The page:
White Snakeroot is a native erect perennial forb growing 1 to 3 feet high on greenish stems that are mostly hairless but can have minute fine hairs. Some branching occurs both below and within the inflorescence.
Leaves are egg shaped to lanceolate, up to 5x as long as wide, with a long tapered tip, rounded base, opposite, coarsely toothed and on a long stalk (over 3/4 inch). Lower leaves may have a heart-shaped base. Both leaf surfaces are usually hairless. Some stem leaves near the inflorescence may have an alternate arrangement.
The floral array is composed of terminal roundish branched clusters (corymbs) on the upper stems, some of which spring from the leaf axils.
Flowers: Each flowerhead in a cluster is up to 1/2 inch wide when mature and composed of 10 to 30+ disc florets that have 5-parted white corollas with lips that are pointed and spreading when the flower opens. The forked styles greatly exceed the length of the corolla. The stamens with yellow anthers cluster around the base of the style. The flowerhead on the outside has a series of green phyllaries with pointed tips. The flowers in each cluster have stalks of varying length so that the top of the cluster appears flat to rounded.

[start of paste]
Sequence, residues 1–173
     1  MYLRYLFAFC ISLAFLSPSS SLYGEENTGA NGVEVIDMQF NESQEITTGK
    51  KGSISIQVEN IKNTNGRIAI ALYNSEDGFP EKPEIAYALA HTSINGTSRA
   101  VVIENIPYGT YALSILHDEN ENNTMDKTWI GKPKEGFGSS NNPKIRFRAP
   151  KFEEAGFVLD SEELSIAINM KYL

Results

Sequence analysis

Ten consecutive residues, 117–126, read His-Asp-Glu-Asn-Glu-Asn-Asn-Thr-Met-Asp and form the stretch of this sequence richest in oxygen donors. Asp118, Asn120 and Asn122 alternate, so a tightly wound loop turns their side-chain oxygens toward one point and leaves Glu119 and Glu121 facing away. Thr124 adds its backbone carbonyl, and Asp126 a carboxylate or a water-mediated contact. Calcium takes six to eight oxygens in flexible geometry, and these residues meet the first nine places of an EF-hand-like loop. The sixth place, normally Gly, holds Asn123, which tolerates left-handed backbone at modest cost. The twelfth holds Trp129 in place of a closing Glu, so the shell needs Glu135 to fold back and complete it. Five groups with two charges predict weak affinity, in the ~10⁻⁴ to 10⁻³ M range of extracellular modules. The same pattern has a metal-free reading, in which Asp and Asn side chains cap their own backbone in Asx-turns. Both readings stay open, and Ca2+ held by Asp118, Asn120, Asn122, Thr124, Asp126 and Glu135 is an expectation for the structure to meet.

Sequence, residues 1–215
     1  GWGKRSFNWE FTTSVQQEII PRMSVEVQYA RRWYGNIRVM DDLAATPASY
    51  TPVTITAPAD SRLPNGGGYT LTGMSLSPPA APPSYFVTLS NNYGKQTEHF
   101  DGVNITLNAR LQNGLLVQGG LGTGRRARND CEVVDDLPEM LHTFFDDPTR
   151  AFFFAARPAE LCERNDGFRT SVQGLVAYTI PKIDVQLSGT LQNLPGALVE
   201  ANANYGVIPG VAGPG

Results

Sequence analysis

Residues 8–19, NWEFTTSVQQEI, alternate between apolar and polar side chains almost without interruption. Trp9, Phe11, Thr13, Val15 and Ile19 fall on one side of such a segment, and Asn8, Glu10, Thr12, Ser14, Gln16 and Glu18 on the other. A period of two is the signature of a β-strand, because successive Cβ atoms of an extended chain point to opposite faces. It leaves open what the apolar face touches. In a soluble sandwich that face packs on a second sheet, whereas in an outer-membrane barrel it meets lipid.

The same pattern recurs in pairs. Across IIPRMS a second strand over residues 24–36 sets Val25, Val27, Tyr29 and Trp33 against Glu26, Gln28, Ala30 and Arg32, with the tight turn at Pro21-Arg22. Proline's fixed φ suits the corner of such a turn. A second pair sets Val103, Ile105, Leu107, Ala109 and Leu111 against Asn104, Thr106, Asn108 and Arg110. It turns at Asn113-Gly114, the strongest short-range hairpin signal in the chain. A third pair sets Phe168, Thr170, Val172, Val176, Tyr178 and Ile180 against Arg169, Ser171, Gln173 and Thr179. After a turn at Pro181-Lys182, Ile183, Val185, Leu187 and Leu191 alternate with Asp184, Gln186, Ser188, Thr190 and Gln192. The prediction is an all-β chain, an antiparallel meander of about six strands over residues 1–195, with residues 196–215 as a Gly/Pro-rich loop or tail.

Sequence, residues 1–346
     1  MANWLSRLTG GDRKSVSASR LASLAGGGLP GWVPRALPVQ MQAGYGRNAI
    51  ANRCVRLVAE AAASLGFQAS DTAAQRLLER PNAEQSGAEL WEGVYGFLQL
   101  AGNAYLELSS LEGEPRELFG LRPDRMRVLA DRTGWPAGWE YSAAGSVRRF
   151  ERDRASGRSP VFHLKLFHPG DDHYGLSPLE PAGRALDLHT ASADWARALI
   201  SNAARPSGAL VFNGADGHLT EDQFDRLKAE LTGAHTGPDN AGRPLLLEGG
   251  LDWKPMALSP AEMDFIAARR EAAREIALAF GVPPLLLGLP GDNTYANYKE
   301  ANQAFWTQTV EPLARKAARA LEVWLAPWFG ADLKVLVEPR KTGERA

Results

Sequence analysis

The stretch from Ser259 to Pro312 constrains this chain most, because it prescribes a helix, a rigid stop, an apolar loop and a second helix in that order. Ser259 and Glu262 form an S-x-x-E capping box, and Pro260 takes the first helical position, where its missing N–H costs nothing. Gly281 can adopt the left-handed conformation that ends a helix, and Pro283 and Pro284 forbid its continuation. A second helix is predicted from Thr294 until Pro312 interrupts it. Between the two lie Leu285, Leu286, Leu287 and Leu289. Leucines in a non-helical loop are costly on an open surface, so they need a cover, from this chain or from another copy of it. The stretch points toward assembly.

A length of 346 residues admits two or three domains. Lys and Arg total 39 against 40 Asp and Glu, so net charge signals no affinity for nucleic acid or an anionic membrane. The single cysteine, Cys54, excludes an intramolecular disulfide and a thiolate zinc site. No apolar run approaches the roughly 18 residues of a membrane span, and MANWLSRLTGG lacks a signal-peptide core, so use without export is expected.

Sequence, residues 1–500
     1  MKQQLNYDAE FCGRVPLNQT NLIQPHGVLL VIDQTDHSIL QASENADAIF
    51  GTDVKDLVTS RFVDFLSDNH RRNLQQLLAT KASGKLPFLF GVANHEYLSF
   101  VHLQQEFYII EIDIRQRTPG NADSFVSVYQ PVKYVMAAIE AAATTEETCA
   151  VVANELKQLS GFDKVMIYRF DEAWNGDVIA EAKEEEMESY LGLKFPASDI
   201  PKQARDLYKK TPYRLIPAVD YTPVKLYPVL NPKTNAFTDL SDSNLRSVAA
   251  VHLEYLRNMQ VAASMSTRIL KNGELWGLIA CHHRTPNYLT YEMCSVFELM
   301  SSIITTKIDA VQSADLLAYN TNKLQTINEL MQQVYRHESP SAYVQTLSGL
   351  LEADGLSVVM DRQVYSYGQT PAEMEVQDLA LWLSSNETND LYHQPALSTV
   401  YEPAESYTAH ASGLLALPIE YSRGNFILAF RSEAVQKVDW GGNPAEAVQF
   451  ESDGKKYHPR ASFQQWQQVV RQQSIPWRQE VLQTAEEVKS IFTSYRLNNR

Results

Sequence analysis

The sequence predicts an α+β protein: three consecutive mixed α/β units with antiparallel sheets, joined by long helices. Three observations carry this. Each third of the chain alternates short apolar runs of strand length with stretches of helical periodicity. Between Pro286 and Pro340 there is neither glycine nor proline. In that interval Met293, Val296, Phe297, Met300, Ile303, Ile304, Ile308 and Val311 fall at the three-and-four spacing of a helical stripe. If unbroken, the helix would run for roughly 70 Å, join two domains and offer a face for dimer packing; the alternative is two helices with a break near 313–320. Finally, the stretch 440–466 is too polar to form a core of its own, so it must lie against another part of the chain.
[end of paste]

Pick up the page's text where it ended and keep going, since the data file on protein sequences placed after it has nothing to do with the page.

Seed: Fertile flowers produce a dark dry oblong obconic shaped cypsela (like an achene) that has tuffs of fluffy pappus for wind dispersion.
Varieties: There are two varieties - var. altissima and var. roanensis. The difference is in the shape of the tips of the phyllaries of the flowerhead. Only the former is found in Minnesota.
Toxic - Which Snakeroot causes the trembles in cattle and milk sickness in humans - see bottom of page for details.
Habitat: White Snakeroot normally grows in partial shade in disturbed sites, woodland and path edges in various soils as long as moisture is moist to moderate. It has a rhizomatous root system which allows vegetative growth and it will easily self-seed along the edges of a woodland.